The DNA test verifies the presence of the affected allele at PLOD1 locus responsible for WFFS, also known as Fragile Foal Syndrome (FFS)
- 30 to 40 - hair roots - envelope
- 5 mL - blood - K3 EDTA tube
- 2 to 5 working days
The genetic test verifies the presence of the affected allele at PLOD1 locus responsible for WFFS and the presents results as one of the following:
- N/ - Negative for WFFS. Absence of the affected allele at PLOD1 locus responsible for WFFS. Horses are clear for the FFS disease.
- N/WFFS - Positive heterozygous for WFFS. Presence of a mutated allele at the PLOD1 locus responsible for WFFS. Although unaffected by the disease, the horse is a carrier of WFFS and can pass the PLOD 1 allele to 50% of their progeny when bred.
- WFFS/ - Positive homozygous for WFFS. Presence of two mutated alleles at the PLOD1 locus responsible for WFFS. The foal is affected with the WFFS, the disease is present at the birth and affected foals show fragile, hyper-extensible and thin skin that results in open lesions and joint hyper-elasticity, and often foals need to be euthanised after birth due to the lethality of this genetic disorder.
Warmblood Fragile Foal Syndrome WFFS is an inherited autosomal recessive disorder caused by a single mutation in PLOD1 gene.
Clinical signs and affected breeds
The disease is present at the birth and affected foals skin lacks tensile strength (extreme skin fragility characterised by tearing, ulceration, etc. from contact with normal surroundings). Lesions occur anywhere on the body, but are most noted on pressure points and in addition to skin wounds, lesions are found on the gums and other oral cavity mucous membranes and the perineum. Limb joints are lax and hyper-extensible. Fetlocks are the most dramatically affected and affected foals cannot stand normally.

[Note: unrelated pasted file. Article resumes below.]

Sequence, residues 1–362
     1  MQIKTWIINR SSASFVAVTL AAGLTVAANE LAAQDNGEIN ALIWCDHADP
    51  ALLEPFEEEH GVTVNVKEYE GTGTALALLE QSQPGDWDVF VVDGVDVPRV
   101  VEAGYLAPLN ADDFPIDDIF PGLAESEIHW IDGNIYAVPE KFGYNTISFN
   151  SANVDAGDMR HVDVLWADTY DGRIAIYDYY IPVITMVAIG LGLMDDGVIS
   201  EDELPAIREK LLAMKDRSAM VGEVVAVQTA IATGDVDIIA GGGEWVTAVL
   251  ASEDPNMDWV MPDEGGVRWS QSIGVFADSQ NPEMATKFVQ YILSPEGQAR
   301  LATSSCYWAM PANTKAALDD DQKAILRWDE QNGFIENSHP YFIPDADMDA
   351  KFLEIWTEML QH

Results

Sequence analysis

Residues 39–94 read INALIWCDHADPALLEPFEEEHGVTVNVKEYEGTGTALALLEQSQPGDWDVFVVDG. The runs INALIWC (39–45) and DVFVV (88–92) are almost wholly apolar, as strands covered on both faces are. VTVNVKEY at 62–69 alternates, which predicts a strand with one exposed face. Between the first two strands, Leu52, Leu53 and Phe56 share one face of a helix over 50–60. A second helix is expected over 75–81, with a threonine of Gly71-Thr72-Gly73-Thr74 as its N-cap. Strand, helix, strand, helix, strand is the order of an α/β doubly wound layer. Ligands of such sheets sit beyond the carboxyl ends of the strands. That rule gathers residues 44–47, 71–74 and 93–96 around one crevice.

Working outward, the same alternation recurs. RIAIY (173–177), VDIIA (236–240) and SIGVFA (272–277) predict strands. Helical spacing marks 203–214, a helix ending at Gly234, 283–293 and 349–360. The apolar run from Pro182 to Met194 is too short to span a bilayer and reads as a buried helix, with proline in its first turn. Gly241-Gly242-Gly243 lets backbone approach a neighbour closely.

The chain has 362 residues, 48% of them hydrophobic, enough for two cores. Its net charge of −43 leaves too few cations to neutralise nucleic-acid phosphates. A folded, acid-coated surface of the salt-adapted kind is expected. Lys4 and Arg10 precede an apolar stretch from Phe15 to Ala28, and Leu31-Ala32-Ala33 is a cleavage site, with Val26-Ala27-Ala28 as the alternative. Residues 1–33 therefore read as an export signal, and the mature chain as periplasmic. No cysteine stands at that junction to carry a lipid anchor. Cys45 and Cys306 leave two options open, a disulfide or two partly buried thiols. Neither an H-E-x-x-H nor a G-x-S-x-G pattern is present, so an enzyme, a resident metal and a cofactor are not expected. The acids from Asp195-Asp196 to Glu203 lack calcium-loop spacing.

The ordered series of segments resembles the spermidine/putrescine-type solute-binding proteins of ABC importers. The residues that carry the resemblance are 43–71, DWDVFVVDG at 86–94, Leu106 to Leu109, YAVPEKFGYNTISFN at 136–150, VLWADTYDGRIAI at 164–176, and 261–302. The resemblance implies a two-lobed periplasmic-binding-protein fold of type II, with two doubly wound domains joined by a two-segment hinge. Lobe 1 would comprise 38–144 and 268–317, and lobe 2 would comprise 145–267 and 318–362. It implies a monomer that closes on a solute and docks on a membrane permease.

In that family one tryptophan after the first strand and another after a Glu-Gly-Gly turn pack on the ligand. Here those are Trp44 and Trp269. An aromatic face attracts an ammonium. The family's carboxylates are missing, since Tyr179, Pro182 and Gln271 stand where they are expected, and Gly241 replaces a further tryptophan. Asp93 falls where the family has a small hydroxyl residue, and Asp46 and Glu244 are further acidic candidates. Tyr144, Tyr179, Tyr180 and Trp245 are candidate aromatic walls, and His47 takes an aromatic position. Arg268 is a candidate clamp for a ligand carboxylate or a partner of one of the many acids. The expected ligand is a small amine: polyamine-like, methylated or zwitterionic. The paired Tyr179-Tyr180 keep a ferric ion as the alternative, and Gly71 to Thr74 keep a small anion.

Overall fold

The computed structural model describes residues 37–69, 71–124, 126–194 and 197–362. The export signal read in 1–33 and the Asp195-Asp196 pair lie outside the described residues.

- WFFS/FFS is similar to Ehlers Danlos Syndrome (EDS) in humans.
- The FFS mutation has been reported in Warmblood breeds - 11 to 30% of WFFS carriers in Warmbloods (1,3,4), at low frequency in Thoroughbreds - 2,75% of Irish Thoroughbreds(2), and also at Hanoverian, Selle Français, KWPN, Oldenburg and Westphalians.
(1) Ablondi, M., Johnsson, M., Eriksson, S. et al. Performance of Swedish Warmblood fragile foal syndrome carriers and breeding prospects. Genet Sel Evol 54, 4 (2022). https://doi.org/10.1186/s12711-021-00693-4
(2)- Rowe, Á., Flanagan, S., Barry, G. et al. Warmblood fragile foal syndrome causative single nucleotide polymorphism frequency in horses in Ireland.Ir Vet J 74, 27 (2021). https://doi.org/10.1186/s13620-021-00206-1
(3) Dias, N. M., de Andrade, D., Teixeira-Neto, A. R., Trinque, C. M., Oliveira-Filho, J. P., Winand, N. J., Araújo, J. P., Jr, & Borges, A. S. (2019). Warmblood Fragile Foal Syndrome causative single nucleotide polymorphism frequency in Warmblood horses in Brazil. Veterinary journal (London, England : 1997), 248, 101–102. https://doi.org/10.1016/j.tvjl.2019.05.002
(4)Hoelzle, L., Stefaniuk-Szmukier, M., Długosz, B., Piórkowska, K., Ropka-Molik, K., Malvick, J., Penedo, M., & Bellone, R. R. (2020). Distribution of the Warmblood Fragile Foal Syndrome Type 1 Mutation (PLOD1 c.2032G>A) in Different Horse Breeds from Europe and the United States. Genes, 11(12), 1518. https://doi.org/10.3390/genes11121518